14 Ways to Give Students Meaningful Feedback (2023)

14 Ways to Give Students Meaningful Feedback (1)

by Rosie Byrnes, October 18, 2021

The blog to teach

How do students know when they are on the right track and when it is time for a realignment? Learn how your feedback can help improve the learning process and how to give feedback that counts.

If you've ever spent time with young children learning to walk, you've probably noticed a curious phenomenon: When they lose their balance and fall to the ground, they usually look at adults before deciding how to react.

14 Ways to Give Students Meaningful Feedback (2)

When the adult shows signs of distress or concern, the young child often becomes angry and begins to cry. But if the adults are happy, encouraging, and confident, these toddlers will usually get up and start walking again.

(Video) Six Ways to Give Meaningful Feedback to ELA Students Without Completely Burning Yourself Out

Why? Because they learned from the reactions of those around them: they responded to direct feedback.

Feedback is an integral part of the learning process, from an early age. The way others react to our actions gives us clues about how we should feel about ourselves and serves as a guide for what we will do next.

Of course, as educators, we know how important it is to provide meaningful feedback to our students. But how can we understand what types of feedback are most valuable, and how can we be sure we're making suggestions that truly transform the way our students learn?

feedback and the brain

Understanding how feedback works during the learning process can help you make informed decisions about how to provide the right feedback to your learners.

How do we know from the university?neuroscienceygrowth thinkingpractices, our brains have the potential to constantly change. When we perceive new stimuli, they reach the brain through our sensory perceptions and establish connections and pathways between our neurons. As we learn from feedback that responds to stimuli, or the resulting actions, these pathways form circuits that help guide our future behavior and decision making.

Because feedback from another person is also a form of external stimulus, the way we provide feedback to young learners can have an impact on how it is delivered.circuitsformed to guide their future decisions.

Although many of us may not see the feedback we give our students as a reward or a punishment,studies showthat the brain sees things differently: these neural pathways still respond to feedback as if it were an external motivator.

This means that the way you provide feedback is critical to how your students respond to it. Because we typically use verbal or written language to provide feedback, the context, tone, and vocabulary we choose can determine how it is received and how it affects students' neural pathways and future decisions.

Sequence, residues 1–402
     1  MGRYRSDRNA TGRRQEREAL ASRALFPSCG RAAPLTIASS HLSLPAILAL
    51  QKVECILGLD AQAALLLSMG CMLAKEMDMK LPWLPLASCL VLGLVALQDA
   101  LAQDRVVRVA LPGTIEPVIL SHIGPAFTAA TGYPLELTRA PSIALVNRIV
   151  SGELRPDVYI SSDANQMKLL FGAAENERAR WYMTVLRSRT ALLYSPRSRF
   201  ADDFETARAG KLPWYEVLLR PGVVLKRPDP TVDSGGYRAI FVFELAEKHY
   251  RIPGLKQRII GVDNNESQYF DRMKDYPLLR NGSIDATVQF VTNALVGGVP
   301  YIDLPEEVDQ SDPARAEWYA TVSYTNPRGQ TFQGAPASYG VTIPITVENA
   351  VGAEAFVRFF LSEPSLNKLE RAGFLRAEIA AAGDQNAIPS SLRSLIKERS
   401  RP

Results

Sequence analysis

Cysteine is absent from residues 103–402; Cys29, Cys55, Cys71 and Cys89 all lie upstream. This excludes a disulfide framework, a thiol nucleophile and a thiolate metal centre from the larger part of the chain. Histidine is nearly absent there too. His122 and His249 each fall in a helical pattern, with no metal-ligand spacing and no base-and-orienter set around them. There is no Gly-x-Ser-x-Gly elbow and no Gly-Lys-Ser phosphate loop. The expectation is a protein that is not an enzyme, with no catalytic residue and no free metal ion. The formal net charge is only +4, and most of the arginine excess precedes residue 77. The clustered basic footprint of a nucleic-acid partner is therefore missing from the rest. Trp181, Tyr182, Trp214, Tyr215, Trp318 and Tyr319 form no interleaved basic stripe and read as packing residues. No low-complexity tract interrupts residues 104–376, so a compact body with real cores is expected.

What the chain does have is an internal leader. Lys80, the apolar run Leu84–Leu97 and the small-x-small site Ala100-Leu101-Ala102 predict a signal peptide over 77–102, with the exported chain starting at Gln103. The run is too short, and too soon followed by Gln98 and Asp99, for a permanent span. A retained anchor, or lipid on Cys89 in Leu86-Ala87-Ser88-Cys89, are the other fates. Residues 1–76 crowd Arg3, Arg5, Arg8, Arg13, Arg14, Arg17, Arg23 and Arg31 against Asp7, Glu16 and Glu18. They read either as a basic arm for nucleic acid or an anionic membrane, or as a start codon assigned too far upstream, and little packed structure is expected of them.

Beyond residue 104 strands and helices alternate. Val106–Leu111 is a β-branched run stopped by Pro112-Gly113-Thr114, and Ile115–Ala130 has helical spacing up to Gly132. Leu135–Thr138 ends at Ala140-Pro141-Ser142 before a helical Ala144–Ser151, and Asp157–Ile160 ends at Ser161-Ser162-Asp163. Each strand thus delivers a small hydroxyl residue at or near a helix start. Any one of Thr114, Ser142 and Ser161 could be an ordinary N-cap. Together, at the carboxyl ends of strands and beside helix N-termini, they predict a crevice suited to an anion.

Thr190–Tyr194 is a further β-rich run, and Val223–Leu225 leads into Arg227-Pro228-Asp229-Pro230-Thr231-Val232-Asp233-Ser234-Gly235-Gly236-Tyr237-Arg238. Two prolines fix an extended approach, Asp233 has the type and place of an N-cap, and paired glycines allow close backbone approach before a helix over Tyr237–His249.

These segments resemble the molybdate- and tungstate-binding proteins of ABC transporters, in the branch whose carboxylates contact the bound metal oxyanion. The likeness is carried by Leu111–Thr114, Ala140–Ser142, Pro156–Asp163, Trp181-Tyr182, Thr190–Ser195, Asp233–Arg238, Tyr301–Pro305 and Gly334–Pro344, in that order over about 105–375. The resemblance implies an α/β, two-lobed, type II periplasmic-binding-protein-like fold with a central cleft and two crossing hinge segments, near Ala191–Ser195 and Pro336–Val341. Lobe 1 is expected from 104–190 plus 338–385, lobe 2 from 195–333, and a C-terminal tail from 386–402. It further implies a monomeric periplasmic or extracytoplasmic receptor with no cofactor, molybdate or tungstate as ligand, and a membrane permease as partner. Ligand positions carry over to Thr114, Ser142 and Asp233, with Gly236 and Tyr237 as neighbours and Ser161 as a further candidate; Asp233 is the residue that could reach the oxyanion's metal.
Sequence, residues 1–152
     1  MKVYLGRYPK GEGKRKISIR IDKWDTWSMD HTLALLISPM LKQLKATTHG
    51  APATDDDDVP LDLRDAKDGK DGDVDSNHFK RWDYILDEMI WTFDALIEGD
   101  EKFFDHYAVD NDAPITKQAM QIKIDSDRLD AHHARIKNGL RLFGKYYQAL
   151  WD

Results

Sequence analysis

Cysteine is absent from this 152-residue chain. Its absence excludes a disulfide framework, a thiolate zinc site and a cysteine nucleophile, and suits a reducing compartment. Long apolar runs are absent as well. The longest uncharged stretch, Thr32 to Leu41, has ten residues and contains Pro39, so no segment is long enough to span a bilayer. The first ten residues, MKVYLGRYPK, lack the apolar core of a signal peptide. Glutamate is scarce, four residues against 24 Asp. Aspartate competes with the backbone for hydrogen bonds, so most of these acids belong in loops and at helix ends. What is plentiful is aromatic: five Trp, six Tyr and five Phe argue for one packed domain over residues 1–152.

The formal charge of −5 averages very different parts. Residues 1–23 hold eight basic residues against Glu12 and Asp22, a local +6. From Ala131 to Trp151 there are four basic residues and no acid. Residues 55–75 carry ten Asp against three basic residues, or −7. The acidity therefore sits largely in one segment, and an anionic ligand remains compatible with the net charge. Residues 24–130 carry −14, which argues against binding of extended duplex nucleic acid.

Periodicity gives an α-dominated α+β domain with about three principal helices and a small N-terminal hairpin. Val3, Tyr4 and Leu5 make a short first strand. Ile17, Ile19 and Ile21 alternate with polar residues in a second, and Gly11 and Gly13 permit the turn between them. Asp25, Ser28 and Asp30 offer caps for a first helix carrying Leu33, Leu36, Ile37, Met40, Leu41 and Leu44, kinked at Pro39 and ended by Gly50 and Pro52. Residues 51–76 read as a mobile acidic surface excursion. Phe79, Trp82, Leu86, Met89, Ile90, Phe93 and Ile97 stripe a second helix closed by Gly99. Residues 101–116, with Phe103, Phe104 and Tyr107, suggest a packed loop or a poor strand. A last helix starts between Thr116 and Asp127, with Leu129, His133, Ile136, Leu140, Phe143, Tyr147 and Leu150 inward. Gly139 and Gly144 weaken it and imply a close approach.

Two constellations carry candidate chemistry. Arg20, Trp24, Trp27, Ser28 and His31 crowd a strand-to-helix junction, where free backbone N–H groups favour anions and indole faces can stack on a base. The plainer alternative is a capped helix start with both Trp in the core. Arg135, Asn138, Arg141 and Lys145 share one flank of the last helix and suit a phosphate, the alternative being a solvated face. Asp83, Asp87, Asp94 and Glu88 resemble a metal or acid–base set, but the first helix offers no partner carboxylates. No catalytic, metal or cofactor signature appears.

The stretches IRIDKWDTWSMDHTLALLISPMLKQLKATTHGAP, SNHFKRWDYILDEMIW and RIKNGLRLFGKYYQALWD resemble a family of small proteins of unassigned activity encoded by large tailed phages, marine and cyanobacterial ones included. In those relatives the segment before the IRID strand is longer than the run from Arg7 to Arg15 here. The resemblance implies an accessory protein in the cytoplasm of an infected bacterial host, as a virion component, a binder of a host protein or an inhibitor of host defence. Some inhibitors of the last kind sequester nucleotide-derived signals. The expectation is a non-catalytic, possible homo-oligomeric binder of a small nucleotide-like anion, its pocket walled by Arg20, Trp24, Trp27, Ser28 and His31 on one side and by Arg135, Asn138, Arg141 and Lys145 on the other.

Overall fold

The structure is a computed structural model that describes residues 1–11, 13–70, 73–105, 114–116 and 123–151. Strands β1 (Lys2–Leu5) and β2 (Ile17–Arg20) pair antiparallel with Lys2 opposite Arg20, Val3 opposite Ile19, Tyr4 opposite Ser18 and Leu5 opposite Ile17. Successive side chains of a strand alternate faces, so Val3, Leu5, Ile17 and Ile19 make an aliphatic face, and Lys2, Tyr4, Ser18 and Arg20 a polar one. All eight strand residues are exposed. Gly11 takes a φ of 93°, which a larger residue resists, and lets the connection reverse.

When providing feedback to students, keep these tips in mind:

1. Praise their efforts, not their talents.

It's tempting to tell our kids how smart and talented we think they are, but that kind of praise can actually have long-term negative repercussions.

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To help children: agrowth thinking, we should praise growth-oriented behaviors, like hard work, rather than seemingly "fixed" traits like talent or intelligence. Try praise like "I'm so proud of all the effort he put into this" or "All of his hard work really paid off."

2. Mistakes and mistakes don't have to feel negative.

People with a growth mindset know that mistakes are part of the learning process and that real learning is not possible without them. In fact, people learn much more from their mistakes than from their successes, so mistakes should be celebrated!

Encourage your children to change their mindset and take pride in their temporary failures. After all,"The only true failure can come when you give up!"

3. Be specific.

General comments like "good job" or "almost done" are easy to give, but not always easy for the recipient to understand.

Giving feedback that describes exactly what students are doing well or what they need to improve can be infinitely more effective.

4. Explain comments whenever possible.

For specific feedback, go even further by providing detailed explanations of why you chose those suggestions.

For example, "Use more descriptive words" can be helpful feedback for student writing, but it can be even more helpful with a reason: "Adding more descriptions here will help convey a picture to your readers."

5. Start with a clear goal.

When students know where they are going from the start, it's easier for them to double-check during the process to make sure they're on the right track.

A clear and concise learning objective also serves as a reference point when providing feedback to students. If you're not sure what the students' goal is, how can you be sure they're on the right track?